Participants in the included studies were diagnosed either with autism, ‘autistic disorder’, ASD or PDD NOS. One study included children with a range of psychiatric problems such as anxiety disorders, depression and attention deficit disorder, but results were available separately for children with autistic disorders. One review required at least one participant in the studies considered for inclusion to have ASD and another review required at least 75% of participants in included studies to have ASD. One study specified that participants have autism or ASD and specifically excluded participants with PDD and/or ASD. One study required participants to have both autism and mental retardation.
Most of the participants in the studies were preschool children. Two studies did not report age criteria, participants in 8 studies were described as ‘children’ without clarification, 6 studies included children in either preschool or elementary school, 7 studies included students of school age (one up to age 21 years) and 18 studies were limited to preschool children. Of these 18 studies, only 2 required children to be aged less than 3 years; another 3 studies included children aged between 1½ or 2 years and 3½ years.
Most of the included studies for the secondary studies used a variety of settings and results were not grouped according to setting, with the exception that one review was restricted to studies that implemented social skills interventions in a school setting (Bellini et al. 2007). Of the primary studies, all of the RCTs were undertaken either in university clinics or school/preschool classrooms. Most of the non randomised studies (n=7) were undertaken partly or wholly at home, sometimes with a mixture of parents and therapists implementing the intervention(s).
Interventions in the included studies varied widely. Twelve studies assessed the effects of different variants of ‘early intensive behavioural interventions’ (EIBI), but programme delivery varied. Five of the studies assessed the effects of clinic-directed EIBI. Another four studies assessed the effects of EIBI delivered in the home (usually by parents). One study assessed the effects of a ‘minimal intensity’ early behavioural intervention (Eldevik et al. 2006), and one study assessed the effects of a EIBI delivered in a mixed setting, home, community and school (Howard et al. 2005). The remaining EIBI study considered EIBI with either the addition of joint attention or symbolic play. Three studies evaluated the Picture Exchange Communication System. One of the PECS studies had two intervention groups; immediate PECS and delayed PECS (Howlin et al. 2007). The design of this study enabled the researchers to assess whether the effects were maintained in those having immediate PECS therapy. Other interventions included video modeling by direct teaching (n=1), the Early Social Interaction project, a parent implemented intervention aimed at increasing communication opportunities within daily routines (n=1), an approach that used parents to implement a ‘psycholinguistic and social-pragmatic approach’ that included behavioural techniques (n=1), a ‘behavioural treatment’ intervention focusing on vocabulary acquisition (n=1), and the Autism Preschool Program which offers carers support in behavioural and language development methods (n=1).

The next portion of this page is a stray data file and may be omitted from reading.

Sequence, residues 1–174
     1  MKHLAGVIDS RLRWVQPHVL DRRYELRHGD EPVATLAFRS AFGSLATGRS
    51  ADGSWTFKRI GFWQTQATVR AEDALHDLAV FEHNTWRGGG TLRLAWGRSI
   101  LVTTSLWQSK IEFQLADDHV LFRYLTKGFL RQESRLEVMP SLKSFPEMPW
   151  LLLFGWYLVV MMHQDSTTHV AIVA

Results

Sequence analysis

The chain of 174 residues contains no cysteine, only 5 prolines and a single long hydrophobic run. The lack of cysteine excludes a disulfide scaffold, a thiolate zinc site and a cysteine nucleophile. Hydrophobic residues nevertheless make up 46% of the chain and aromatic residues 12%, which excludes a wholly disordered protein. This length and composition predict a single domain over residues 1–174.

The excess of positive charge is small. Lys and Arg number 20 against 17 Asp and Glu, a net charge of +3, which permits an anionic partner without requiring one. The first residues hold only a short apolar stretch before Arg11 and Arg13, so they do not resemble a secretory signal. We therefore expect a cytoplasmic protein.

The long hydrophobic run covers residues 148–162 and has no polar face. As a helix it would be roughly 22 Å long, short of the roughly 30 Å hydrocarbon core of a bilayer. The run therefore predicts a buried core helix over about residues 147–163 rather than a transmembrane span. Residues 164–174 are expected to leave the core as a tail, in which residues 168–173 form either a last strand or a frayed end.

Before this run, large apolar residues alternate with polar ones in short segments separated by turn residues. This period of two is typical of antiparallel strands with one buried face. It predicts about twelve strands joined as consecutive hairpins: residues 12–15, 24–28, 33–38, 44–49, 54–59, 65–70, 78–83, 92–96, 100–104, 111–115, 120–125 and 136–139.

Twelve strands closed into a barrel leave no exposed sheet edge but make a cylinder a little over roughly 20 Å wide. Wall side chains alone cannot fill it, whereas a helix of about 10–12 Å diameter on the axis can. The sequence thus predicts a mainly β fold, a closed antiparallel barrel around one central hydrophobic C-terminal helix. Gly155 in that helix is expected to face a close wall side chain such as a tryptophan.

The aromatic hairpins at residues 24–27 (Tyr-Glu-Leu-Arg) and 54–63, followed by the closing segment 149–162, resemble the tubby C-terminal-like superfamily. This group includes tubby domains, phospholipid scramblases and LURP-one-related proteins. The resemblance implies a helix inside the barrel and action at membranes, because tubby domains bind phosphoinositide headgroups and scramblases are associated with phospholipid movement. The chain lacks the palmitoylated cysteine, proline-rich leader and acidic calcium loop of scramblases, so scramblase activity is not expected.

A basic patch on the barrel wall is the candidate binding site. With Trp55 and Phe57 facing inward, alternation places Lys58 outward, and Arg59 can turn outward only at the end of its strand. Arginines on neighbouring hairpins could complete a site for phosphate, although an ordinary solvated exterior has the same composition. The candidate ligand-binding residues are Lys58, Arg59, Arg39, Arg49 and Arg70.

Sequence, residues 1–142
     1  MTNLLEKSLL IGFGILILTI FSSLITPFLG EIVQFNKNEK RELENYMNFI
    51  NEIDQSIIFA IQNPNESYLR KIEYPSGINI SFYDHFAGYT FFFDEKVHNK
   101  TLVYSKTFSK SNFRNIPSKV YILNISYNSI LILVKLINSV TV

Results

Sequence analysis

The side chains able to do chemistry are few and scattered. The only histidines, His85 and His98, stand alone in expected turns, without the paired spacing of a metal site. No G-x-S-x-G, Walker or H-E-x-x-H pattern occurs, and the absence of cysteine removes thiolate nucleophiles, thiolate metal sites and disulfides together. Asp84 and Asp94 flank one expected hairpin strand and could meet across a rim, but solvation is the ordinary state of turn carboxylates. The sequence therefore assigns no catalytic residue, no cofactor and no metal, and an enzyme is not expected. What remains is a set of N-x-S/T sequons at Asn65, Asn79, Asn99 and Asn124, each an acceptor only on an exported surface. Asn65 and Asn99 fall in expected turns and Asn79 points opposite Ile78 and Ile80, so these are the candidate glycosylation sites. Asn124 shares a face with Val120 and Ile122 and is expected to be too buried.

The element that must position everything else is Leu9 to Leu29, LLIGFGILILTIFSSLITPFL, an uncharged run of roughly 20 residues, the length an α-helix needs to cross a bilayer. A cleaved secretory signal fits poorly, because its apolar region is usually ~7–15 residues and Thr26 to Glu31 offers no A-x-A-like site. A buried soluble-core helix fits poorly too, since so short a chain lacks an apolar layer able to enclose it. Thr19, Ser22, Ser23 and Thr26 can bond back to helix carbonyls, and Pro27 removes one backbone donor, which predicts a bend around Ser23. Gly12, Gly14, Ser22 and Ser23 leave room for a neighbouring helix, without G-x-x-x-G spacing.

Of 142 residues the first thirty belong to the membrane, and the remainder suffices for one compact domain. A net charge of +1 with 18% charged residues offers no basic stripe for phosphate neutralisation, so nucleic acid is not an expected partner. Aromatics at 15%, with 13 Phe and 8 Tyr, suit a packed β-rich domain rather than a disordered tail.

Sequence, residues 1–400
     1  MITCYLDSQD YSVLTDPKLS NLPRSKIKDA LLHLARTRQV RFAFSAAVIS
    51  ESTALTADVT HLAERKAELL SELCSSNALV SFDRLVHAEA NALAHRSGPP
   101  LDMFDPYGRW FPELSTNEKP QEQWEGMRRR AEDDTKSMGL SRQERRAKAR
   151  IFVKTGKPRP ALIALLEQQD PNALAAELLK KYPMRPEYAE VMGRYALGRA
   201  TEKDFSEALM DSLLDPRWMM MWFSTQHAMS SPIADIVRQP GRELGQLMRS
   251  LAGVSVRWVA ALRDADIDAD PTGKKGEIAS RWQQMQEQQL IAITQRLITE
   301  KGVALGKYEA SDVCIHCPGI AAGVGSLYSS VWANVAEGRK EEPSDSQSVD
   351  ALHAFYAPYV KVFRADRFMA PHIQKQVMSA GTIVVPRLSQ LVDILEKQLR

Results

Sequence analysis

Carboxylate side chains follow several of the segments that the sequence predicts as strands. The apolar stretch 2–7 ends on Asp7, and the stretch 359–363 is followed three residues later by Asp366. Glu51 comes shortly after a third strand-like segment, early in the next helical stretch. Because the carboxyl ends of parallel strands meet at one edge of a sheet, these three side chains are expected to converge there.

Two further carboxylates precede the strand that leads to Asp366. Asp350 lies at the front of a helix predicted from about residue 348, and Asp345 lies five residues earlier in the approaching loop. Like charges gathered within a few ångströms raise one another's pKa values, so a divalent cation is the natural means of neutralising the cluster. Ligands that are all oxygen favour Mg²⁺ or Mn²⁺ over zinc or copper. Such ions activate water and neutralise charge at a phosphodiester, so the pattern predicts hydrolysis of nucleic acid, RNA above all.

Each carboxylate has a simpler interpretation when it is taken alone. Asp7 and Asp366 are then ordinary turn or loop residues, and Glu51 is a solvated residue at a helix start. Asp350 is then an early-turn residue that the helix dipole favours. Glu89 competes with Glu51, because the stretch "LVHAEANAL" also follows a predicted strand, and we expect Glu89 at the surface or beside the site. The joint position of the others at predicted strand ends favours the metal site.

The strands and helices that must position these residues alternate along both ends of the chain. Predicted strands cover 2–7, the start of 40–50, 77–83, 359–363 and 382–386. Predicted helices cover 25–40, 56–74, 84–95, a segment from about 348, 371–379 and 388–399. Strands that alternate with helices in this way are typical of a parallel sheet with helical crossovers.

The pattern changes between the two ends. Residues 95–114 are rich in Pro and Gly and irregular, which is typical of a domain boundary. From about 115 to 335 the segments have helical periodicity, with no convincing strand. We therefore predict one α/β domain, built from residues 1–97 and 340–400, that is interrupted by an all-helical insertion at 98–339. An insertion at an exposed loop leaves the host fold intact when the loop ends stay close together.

The aim of six reviews/guidelines was to assess the effectiveness of any treatments for children with autism and it was possible to extract from the overall findings specific results pertaining to behavioural interventions. Four reviews assessed the effects interventions of ‘behavioural’ treatment. Four assessed the effects of various forms of EIBI. Some reviews of SCED studies focussed on particularly types of behavioural intervention that were broadly similar: video (self) modelling (n=3), functional communication training (n=1), interventions based on targeting social skills and communication (n=3).
Twelve of the 20 primary studies had variants of an ‘eclectic’ approach. These were mostly defined as using a combination of approaches, and many included (but not exclusively) ABA approaches. One of these studies had two comparator groups: intensive eclectic therapy and non intensive eclectic therapy. Another of these studies compared low intensity eclectic therapy with low intensity EIBI.